Sitting in waiting rooms, hospital rooms, and bedrooms after your child falls asleep, the emotions can come to the surface. Beyond the sea of tests and possible treatments, you battle with the fear and frustration of watching your little one suffer. This is PANDAS or PANS.
No parent would wish for a sick child, and yet the parents of PANDAS patients face additional pain.
When our daughter was first ill, I remember longing for a different diagnosis — even something more chronic and serious.
How tragic is it that I actually wished it was cancer? Who wishes for cancer?
In my logical brain, I was aware that it made no sense, and sitting here now, it’s embarrassing to even think about. Yet, I can tell you exactly why I would change her condition: the loneliness that comes as a parent of a child with PANDAS.
While my wish seems irrational, so is everything when it comes to PANDAS. While cancer is a horrible diagnosis, your support system knows what to do with that label: they come over, pray fervently, and bring you gifts.
Family and friends band together, creating meal train sign-ups, tackling your laundry, and cleaning your house.¹
People understand what cancer means and what you might need. If your battle is long, they take your kids out so you can have a break, or send you out for the day to get a haircut or a cup of coffee to yourself. They tell you they love you. They hug you. They let you cry on their shoulder.
They encourage you and fight loneliness — after all, they’re your friends and family.
Devastatingly, parents of children with PANS/PANDAS often do not receive this level of support.
On a good day, you can almost hear the crickets chirping. Silence is better than the other options. On a particularly bad day, you’re fighting through judgmental comments. “Gosh, control your kid. Do you even have any parenting skills?” “What is wrong with them? Can’t they just behave?”
You are also the subject of suspicious gossip, as PANDAS can present differently in certain situations. Since your child may not “seem sick” in public, you might be accused of exaggeration or attention-seeking.
I’ve personally seen my daughter’s own psychologist call her “manipulative.”
Between your medical team and your friends and family, it’s easy to feel like you’re drowning in criticism.
If you manage to make it through the judgment and gossip, then there are the dreaded suggestions: “if you would just __________, your child would be fine.” Suddenly, everyone is an armchair expert, suggesting things you’ve likely tried before.
These tired-out ideas come from a natural place: when things go wrong, it’s human nature to step into a problem-solving role. No one wants to see a child they care about hurting! These attempts may come from a good place.
However, when you’re struggling to get through each day, the endless recommendations from your loved ones feel hurtful and insulting.
Parents of children with PANDAS answered two questions for us:
Their answers may surprise you, and possibly even break your heart.
These parents wished you would notice:
These parents reflected on how often they felt judged, saying:
Parents of a child with PANDAS often felt lonely and misunderstood, saying:
What happens when the problem can’t be fixed by good intentions or a quick internet search? Who shows up for you when you’re still battling PANDAS weeks or months later, and they still don’t understand what you’re up against?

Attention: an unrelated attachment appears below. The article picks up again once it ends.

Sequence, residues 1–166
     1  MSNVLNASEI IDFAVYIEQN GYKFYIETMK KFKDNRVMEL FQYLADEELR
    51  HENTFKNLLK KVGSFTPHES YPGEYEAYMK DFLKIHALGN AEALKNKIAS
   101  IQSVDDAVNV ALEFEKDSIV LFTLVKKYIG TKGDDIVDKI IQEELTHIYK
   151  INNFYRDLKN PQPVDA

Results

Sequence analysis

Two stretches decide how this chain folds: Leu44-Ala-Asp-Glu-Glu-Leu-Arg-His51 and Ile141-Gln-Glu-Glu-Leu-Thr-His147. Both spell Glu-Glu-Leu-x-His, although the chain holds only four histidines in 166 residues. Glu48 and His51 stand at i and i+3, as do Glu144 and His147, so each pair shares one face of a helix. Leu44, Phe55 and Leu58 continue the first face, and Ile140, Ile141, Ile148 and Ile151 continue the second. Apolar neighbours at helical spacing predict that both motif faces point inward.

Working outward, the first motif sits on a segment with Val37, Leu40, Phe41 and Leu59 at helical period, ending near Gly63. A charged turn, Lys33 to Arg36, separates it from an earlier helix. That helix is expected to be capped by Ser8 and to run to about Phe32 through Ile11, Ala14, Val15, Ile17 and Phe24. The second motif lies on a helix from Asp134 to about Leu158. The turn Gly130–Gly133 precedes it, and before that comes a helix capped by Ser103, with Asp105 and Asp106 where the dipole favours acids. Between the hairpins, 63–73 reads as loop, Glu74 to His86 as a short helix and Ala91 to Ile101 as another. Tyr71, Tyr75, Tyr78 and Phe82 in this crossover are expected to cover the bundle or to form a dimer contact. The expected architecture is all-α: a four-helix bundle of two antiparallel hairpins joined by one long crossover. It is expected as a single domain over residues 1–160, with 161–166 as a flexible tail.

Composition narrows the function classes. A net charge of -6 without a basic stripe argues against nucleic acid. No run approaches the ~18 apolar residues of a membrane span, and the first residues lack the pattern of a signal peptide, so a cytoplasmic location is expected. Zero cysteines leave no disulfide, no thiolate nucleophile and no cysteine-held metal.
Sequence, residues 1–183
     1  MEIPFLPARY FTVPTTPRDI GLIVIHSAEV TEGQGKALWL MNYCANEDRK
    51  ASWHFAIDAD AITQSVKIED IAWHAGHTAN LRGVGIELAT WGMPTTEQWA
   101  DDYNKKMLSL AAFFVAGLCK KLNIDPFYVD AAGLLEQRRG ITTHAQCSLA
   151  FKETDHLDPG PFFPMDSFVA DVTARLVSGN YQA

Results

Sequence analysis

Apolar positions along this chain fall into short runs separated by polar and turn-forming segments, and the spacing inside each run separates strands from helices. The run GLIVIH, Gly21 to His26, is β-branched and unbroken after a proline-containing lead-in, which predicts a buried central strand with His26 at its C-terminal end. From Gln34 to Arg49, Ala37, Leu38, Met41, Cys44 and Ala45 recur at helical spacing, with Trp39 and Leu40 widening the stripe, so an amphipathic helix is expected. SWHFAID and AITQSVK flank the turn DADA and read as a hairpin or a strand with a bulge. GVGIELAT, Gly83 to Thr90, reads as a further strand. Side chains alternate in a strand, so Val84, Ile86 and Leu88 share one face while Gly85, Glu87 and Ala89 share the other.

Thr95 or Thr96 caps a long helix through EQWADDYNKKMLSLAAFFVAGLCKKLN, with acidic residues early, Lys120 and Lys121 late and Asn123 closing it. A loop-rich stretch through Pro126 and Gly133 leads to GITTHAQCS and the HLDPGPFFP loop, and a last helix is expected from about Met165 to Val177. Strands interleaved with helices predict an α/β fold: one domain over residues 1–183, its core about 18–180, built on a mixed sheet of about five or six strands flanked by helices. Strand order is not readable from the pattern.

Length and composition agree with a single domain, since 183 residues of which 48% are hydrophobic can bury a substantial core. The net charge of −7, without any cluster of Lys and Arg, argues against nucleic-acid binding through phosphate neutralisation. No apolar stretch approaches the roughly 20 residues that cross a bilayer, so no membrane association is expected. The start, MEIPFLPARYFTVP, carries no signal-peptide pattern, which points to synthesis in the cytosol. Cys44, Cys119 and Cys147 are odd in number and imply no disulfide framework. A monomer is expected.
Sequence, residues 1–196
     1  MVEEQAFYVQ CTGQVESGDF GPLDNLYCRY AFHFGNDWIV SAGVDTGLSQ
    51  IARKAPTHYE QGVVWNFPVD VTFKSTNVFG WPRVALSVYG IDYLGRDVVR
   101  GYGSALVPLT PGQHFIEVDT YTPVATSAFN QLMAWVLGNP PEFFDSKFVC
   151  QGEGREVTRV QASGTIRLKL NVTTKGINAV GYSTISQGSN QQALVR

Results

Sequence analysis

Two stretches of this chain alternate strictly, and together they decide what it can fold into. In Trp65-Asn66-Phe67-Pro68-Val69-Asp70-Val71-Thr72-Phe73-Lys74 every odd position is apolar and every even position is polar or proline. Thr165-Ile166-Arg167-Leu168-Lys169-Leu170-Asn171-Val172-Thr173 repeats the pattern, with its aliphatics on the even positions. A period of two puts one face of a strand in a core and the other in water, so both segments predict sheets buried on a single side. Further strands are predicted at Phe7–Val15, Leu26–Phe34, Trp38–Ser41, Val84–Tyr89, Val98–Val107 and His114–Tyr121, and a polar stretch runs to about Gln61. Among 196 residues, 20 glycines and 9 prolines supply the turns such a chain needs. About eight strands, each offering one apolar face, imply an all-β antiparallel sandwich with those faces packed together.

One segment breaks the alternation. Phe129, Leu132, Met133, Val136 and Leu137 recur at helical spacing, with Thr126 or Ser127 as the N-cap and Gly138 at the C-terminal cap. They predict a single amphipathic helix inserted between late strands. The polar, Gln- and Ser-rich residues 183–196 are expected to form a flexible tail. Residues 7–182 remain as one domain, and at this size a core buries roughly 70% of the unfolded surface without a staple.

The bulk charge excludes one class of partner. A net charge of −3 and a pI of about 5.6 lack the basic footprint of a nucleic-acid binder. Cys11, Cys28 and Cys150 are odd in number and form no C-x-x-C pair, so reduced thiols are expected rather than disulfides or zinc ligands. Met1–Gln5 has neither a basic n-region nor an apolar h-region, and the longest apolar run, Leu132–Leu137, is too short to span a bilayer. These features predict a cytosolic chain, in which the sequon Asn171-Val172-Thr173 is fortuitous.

I know firsthand how lonely those long days can be.
We are constantly hearing some iteration of, “Have you tried this new thing I heard about on a podcast? You should try that. I had a cousin’s friend’s neighbor who had PANDAS and it might have worked for them!”
While they may come from a good place, these “helpful” suggestions isolate and hurt. It’s so easy to feel undervalued or misunderstood; don’t they know you’ve dedicated your life to finding solutions for your child? Our mental health and sense of community can suffer under the weight of parenting PANDAS.
One response was particularly striking: “I wish they could just love us through it.” At the heart of every lonely parent dealing with this condition, this rings true.
Believe me, we have tried it all, but there is no timeline and each child is different. We long for someone to be a friend, not a fixer. We need breaks from desperately trying to heal our children.
Our team of PANDAS experts can give us behavior therapy or Functional Medicine recommendations. However, there’s one thing that only you can give us: your unique love and support.
As so many parents responded, we want to be asked, “What do you need?” instead of being told what else to try. We want the support you give to families battling conditions you understand. We want to be heard instead of criticized. To cope with this diagnosis, we actually need your help.
There is hope, not only for a PANDAS diagnosis but for parents fighting to help their child’s quality of life improve. Part of the solution is found in each person in our corner.
By refusing to judge, seeking to understand instead of fix, and caring for our mental health, you become an ally in our fight against PANDAS — and against feeling so alone.
So start up that meal train, believe what we’re saying, and lend us your shoulder — we need you on our side. When you make space for us in the midst of our loneliness and when you show up with questions instead of opinions, you are helping our whole family heal.
Schedule a Consultation Today.
The Center for Fully Functional Health® is led by a team of award-winning, internationally recognized physicians, committed to providing personalized, life-changing care.